Joseph Slepian (Boston11 February 1891 – 19 december 1969) was an American electrical engineer. He is known for contributing to the development of electrical equipment (including the ignitron) and of the underlying mathematical theories.


Slepian, born in Boston, the son of Jewish-Russian immigrants, studied mathematics at Harvard University, where he both his Bachelor (1911) as its Master of Science (1912) obtained. His doctorate in 1913 under professor George Birkhoff was about the thesis: "On the Functions of a Complex Variable Defines by an Ordinary Differential Equation of the First Order and First Degree". In the meantime he also worked at the Boston Elevated Railway.

After receiving his PhD he was allowed as Sheldon fellow postgraduate studies for a year at the University of Göttingen and at the Sorbonne in Paris. In 1915 he returned to the United States and accepted a position as a mathematics professor at Cornell University.

After one year he left the University to join at the Westinghouse Electric Company in East Pittsburgh. At first he worked at the Department of railway traction, but as early as 1917 went to Westinghouse Research Center in Forest Hills where he was head in 1922, in 1926 Deputy Manager-Advisory engineer and in 1938. A position he would retain until his retirement in 1956. Slepian did important work on the Research Centre, in particular in the area of conduction in ionized gases. This led among other things to the invention of the mercury arc valve and usually the betatron (1927).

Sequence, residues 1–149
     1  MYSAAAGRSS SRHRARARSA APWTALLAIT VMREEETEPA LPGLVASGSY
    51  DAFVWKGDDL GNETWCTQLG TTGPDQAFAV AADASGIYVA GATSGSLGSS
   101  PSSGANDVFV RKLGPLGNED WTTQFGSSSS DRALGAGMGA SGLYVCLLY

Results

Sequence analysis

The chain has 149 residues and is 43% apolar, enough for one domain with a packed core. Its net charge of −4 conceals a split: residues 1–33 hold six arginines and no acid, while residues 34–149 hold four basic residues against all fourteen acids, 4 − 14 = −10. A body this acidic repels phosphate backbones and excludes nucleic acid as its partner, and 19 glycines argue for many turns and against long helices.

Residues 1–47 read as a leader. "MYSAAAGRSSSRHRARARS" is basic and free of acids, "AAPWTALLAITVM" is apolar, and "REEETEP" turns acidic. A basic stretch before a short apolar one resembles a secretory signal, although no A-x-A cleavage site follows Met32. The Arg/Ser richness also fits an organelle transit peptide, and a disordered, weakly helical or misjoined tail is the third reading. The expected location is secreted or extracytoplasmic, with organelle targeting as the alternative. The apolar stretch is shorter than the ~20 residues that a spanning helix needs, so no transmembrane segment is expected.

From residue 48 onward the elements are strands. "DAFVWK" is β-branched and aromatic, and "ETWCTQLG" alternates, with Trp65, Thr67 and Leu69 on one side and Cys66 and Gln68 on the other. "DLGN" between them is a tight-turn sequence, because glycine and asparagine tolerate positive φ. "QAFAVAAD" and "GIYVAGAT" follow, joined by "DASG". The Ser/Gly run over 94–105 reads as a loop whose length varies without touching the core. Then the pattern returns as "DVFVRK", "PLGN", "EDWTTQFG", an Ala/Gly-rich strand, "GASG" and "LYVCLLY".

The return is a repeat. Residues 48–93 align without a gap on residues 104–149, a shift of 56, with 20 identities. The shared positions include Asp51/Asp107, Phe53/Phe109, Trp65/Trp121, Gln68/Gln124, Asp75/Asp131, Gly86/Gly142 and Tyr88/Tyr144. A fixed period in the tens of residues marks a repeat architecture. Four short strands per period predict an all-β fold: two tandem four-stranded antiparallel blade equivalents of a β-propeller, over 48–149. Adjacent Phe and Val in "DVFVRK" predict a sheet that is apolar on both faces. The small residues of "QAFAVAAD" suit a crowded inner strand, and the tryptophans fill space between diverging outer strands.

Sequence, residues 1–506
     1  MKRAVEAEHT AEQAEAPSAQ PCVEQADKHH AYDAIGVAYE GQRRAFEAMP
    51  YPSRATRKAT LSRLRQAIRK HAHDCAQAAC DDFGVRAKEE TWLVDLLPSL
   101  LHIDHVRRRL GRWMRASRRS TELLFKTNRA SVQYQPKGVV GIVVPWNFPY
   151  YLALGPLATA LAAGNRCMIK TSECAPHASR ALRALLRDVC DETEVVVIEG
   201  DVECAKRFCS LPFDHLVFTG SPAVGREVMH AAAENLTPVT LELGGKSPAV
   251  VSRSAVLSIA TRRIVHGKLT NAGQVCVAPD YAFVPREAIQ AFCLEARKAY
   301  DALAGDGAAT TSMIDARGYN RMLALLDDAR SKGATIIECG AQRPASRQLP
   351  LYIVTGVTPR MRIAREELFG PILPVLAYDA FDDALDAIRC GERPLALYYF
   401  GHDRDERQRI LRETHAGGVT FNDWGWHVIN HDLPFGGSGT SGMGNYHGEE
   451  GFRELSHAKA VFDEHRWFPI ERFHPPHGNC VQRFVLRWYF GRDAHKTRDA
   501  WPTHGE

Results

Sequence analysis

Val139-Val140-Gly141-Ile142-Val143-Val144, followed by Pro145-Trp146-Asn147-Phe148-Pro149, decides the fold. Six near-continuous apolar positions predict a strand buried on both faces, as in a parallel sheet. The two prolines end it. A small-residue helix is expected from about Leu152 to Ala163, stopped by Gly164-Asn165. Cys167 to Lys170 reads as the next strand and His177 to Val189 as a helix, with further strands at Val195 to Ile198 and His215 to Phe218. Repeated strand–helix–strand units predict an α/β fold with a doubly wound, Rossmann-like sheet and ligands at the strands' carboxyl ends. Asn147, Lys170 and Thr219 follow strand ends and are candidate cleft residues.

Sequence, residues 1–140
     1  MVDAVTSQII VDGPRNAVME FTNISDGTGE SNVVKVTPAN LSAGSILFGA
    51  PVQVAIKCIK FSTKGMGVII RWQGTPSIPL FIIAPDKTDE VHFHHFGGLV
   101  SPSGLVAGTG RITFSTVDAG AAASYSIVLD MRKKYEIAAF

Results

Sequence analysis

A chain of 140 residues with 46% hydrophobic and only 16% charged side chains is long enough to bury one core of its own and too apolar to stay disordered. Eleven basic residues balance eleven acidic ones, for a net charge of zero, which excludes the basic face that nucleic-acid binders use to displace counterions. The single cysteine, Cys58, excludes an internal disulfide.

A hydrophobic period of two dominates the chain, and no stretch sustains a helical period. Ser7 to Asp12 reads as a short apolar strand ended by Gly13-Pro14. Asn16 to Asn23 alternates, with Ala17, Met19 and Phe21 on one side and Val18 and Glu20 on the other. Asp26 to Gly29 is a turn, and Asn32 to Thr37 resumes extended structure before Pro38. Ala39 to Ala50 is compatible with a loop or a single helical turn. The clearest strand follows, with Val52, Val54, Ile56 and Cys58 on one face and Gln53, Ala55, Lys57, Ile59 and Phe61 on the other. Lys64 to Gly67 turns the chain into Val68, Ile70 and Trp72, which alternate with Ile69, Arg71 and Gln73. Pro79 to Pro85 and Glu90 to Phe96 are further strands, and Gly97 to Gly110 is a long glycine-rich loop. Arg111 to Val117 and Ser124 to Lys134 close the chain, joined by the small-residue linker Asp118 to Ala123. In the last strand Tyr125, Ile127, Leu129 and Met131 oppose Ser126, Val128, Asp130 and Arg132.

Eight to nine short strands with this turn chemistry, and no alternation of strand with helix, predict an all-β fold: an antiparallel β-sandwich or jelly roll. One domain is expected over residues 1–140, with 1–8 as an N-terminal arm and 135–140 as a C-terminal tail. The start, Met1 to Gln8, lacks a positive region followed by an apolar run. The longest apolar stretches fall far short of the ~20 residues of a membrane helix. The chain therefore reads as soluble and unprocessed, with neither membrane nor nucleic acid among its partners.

In 1918 he married Rose Myerson, with whom he had two sons: Robert and David. Both sons followed in the footsteps of their father, Robert at Westinghouse and David at Bell Laboratories. Despite a heart attack in 1951, whereby he was limited in his daily work, he continued to work until 1956.


Slepian wrote over 120 scientific articles and essays and in 1933 he published the book: "Conductivity of Electricity in Gasses" – a compilation of his lectures for Westinghouse Electric. He is – on George Westinghouse after – holder of most patents in Westinghouse: 204.

Slepian was a member of both the American Institute of Engineers (AIEE, 1927) President-elect rial as the Institute of Radio Engineers (IRE, 1945). In 1941, he was elected member of the National Academy of Sciences.

Throughout his long career, he was awarded many important prizes and medals, such as the John Scott Medal (1932), the Westinghouse Order of Merit (1935) and the IEEE Lamme Medal (1942). In 1947 he was awarded the IEEE Edison Medal "For his work on the autovalve lightning arrester, deion circuit breaker, and ignitron". In 1949, he received an honorary doctorate from the Case Institute of Technology and one of the University of Leeds in 1955.